Playing Out of Breath

Athletes young and old need to recognize the symptoms of exercise-induced asthma

Asthma affects millions of people in the United States, and the number of new cases is rising faster for children than for adults. The common symptoms of asthma—shortness of breath, coughing, and wheezing—can be triggered by allergens such as tree and grass pollens, mold, and dust mites, bad colds, and secondhand smoke. But for some people, it can also be triggered by exercise.

“I treat a fair number of teenagers that have exercise-induced asthma,” says pulmonologist M. Judith Porter, MD. Often, a person’s exercise schedule will impact their level of treatment. Dr. Porter notes that with teenagers and sports, there is not only a strenuous regimen involved but also the pressure from peers and coaches.

“Sometimes kids will push it because they’re young and they can perhaps tolerate the symptoms of asthma better than adults can,” Porter says. “But if they have these symptoms, it’s very important for them to get evaluated.”

New patients are given basic breathing tests and screened for allergies. Dr. Porter also checks for signs of congenital heart disease and inherited forms of emphysema. Inhalers, which deliver medication directly into a person’s airways, are often prescribed for teenagers who have been diagnosed with asthma.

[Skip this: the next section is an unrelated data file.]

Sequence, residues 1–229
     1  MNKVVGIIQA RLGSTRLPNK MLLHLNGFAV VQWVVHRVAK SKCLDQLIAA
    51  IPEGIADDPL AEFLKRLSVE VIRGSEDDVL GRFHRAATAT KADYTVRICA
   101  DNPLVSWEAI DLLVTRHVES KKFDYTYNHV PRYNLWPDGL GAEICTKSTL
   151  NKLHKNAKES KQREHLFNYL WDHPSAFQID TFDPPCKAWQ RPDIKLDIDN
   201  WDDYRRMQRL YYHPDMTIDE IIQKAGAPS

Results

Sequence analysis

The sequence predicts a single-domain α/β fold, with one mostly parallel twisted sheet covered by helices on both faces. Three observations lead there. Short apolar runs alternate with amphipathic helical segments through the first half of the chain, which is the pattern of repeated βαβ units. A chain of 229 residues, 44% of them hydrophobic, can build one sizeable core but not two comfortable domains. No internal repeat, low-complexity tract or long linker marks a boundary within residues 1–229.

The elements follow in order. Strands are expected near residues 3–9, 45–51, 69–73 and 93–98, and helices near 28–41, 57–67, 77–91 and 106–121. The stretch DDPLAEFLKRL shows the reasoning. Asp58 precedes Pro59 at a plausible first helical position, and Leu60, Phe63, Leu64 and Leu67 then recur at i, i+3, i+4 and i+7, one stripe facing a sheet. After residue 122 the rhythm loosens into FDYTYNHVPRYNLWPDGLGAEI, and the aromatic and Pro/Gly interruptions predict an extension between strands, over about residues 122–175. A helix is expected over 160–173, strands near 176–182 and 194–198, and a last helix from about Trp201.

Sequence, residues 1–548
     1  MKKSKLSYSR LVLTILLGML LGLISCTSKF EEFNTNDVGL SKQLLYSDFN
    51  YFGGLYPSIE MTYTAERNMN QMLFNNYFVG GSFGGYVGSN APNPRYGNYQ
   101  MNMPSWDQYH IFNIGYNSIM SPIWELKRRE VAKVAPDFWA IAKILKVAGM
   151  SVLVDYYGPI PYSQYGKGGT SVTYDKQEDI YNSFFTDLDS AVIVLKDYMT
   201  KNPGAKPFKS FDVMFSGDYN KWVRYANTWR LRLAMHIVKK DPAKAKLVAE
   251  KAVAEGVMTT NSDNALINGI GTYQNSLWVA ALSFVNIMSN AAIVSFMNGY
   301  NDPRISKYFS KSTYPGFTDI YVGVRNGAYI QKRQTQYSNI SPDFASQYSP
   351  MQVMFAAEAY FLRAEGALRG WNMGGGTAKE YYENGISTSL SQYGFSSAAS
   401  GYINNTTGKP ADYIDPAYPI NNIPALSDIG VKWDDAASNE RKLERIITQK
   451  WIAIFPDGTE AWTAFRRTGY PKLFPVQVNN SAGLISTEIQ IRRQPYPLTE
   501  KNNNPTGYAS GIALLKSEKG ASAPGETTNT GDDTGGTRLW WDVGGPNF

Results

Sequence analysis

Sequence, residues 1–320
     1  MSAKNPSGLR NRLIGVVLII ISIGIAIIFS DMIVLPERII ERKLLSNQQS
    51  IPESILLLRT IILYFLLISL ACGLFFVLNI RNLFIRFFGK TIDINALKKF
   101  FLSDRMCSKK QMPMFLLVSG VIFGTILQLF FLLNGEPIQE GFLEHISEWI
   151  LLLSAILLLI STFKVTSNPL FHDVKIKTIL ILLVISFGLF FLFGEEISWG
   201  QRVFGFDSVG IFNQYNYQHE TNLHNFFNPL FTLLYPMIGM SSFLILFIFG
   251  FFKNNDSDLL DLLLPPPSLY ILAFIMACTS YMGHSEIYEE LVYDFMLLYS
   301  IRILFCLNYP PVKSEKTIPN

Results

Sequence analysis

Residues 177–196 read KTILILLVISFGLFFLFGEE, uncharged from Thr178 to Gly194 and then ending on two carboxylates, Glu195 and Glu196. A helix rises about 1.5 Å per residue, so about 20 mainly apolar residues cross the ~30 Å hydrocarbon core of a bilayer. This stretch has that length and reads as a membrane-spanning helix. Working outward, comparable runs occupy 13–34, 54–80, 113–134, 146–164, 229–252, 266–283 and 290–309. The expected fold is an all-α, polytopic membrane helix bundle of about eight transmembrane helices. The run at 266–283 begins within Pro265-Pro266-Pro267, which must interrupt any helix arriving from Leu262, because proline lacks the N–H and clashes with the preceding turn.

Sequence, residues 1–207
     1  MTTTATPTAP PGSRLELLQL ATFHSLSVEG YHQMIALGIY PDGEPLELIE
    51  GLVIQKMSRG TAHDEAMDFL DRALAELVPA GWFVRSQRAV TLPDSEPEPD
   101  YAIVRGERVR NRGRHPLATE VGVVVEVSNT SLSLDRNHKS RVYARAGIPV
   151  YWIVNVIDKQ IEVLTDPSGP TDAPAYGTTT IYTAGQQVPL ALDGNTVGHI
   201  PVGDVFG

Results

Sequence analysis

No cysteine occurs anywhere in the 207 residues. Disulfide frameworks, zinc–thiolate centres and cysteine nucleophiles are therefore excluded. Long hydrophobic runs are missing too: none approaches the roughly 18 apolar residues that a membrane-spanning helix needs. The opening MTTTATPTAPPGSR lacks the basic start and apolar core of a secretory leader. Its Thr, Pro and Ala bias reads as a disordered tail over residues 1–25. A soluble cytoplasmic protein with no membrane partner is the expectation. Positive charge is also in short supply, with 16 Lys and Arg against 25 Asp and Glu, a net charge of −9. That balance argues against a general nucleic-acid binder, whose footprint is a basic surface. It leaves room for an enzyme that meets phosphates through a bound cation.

“With treatment, we can sometimes get teenagers back up to their playing level, but they will have to be more cautious than their teammates,” Porter says. “Coaches especially need to be aware of this. Without access to inhalers and appropriate treatment, these kids can get very sick and, in some cases, can even die.”

Dr. Porter says even the drifting smoke from a forest fire 200 miles away can trigger symptoms for a player on the field.

“Listen to an athlete when he or she comes to you and says I can’t run because I’m wheezing or short of breath,” Porter says. “Don’t jump to a conclusion that they’re exaggerating to get out of running. They may not be.”
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